IP Multicast in a Campus Network
Catalyst 6500 Series
Without a method to control non-RPF traffic in hardware, the CPU on the supervisor engine will reach 99%. The Supervisor I requires a RACL on the non-DR (only). The RACL must allow only locally sourced multicast traffic on the VLAN interface. The no ip unreachables command must also be configured on the interface. For RACL denied traffic, if the interface does not have the no ip unreachables command configured, the ACL denied traffic is leaked to the MSFC at 10 pps per VLAN.
The following example shows how to enable manual RACL configuration for blocking non-RPF traffic on the non-DR router:
interface VLAN X ip access-group 100 in no ip unreachables
access-list access-list access-list access-list
100 permit 100 permit 100 permit 100 deny
ip ip ip ip
w.x.y.z 0.0.0.255 any any 184.108.40.206 0.0.0.255 any 220.127.116.11 0.0.0.255 any 18.104.22.168 22.214.171.124
Local subnet addresses
Versions of code for the Catalyst 6500 series Supervisor II (Catalyst OS 6.2(1) and IOS 12.1(5)EX and later) support Multicast Fast Drop (MFD) and will rate-limit non-RPF traffic by default. The mls ip multicast non-rpf cef command is enabled by default on the MSFC. Use the show mls ip multicast summary command to verify that non-RPF traffic is being rate-limited in hardware.
For more information, see h t t p : / / w w w . c i s c o . c o m / u n i v e r c d / c c / t d / d o c / p r o d u c t / l a n / c a t 6 0 0 0 / i o s 1 2 1 _ e / s w c g / m c a s t m l s . h t m # x t o c i d 2 27011. 8
Catalyst 4006 and 4500 with Supervisor III/IV
By default, the Supervisor III and IV enable MFD and handle non-RPF traffic in hardware. The ip mfib fastdrop command is used to enable this feature.
To display the MFIB table information, use the show ip mfib command. To display the information in the hardware tables, use the show platform hardware command.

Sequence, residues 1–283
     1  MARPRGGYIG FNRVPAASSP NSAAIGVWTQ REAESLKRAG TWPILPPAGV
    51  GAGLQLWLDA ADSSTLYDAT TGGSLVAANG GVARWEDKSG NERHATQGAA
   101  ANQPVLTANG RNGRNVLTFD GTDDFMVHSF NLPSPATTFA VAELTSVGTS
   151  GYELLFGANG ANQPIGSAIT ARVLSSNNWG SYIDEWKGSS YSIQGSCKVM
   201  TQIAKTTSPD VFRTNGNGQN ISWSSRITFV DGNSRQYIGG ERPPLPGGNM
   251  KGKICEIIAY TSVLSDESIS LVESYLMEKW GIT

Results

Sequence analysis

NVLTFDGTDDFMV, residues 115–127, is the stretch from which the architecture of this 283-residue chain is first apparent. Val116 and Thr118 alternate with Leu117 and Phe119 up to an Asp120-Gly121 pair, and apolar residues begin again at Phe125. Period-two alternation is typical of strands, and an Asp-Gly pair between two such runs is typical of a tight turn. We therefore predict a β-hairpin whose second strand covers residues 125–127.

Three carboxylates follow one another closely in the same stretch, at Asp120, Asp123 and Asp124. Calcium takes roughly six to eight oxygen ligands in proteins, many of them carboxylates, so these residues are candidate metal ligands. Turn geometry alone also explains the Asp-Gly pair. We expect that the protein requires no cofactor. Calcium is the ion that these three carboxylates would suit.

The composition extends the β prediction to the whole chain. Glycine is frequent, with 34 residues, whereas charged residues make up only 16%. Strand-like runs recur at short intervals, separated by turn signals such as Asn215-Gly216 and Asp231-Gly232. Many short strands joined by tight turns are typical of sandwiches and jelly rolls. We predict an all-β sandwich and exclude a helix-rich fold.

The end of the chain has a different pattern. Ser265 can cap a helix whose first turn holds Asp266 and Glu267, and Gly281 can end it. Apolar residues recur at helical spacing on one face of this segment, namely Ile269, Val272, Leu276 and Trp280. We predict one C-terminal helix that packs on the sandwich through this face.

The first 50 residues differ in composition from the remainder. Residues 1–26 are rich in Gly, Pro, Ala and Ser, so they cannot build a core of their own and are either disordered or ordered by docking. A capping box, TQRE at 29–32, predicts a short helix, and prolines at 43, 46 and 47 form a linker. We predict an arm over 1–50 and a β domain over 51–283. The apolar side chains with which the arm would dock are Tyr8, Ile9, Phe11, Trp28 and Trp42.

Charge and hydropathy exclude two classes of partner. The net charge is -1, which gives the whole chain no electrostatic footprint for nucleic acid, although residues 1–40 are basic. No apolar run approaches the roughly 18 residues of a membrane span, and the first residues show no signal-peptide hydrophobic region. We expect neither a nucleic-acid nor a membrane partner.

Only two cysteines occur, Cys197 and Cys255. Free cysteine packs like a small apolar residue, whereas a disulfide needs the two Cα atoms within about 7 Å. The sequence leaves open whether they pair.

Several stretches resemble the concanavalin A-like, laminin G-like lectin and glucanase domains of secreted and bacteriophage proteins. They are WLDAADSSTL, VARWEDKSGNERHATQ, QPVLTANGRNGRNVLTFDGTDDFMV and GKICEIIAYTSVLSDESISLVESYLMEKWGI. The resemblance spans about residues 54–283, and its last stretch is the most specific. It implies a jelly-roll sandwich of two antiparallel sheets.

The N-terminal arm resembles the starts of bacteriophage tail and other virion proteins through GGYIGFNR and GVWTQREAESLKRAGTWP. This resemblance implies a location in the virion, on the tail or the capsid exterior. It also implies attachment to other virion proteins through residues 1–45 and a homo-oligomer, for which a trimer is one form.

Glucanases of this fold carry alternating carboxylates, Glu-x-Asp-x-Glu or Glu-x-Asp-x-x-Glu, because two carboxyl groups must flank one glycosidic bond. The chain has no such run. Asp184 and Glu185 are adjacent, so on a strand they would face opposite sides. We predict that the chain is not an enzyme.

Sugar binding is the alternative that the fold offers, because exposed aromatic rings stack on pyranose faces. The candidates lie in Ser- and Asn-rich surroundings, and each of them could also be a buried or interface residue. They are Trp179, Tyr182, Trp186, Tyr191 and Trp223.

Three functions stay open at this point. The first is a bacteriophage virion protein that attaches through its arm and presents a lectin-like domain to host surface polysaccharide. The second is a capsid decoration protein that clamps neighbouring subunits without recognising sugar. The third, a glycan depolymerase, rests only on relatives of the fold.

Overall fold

The Catalyst 3550 does not use a command to enable non-RPF traffic to be hardware filtered. In 3550 switches, the non-RPF packets reach the CPU through the RPF Failure Queue. This hardware queue is separate from other queues, which are reserved for routing protocols and Spanning-Tree protocol packets. Thus, non-RPF packets will not interfere with these critical packets. The RPF Failure Queue is of minimal depth. So if this queue is full, then subsequent packets will be dropped by the hardware itself. The CPU gives low priority and shorter time to process the packets from the RPF Failure Queue to ensure that priority is given to routing protocol packets. A limited number of packet buffers are available for the RPF Failure Queue and when all of the buffers allocated for the RPF Failure Queue are full, the software will drop the incoming packets. If the rate of the non-RPF packets is still high and if this in turn makes the software process a lot of packets within a certain period of time, then the queue is disabled and re-enabled after 50 milliseconds. This will flush the queue and give the CPU a chance to process the existing packets
To see the number of packets dropped, use the show controller cpu-interface | include rpf command.
Cisco AVVID Network Infrastructure IP Multicast Design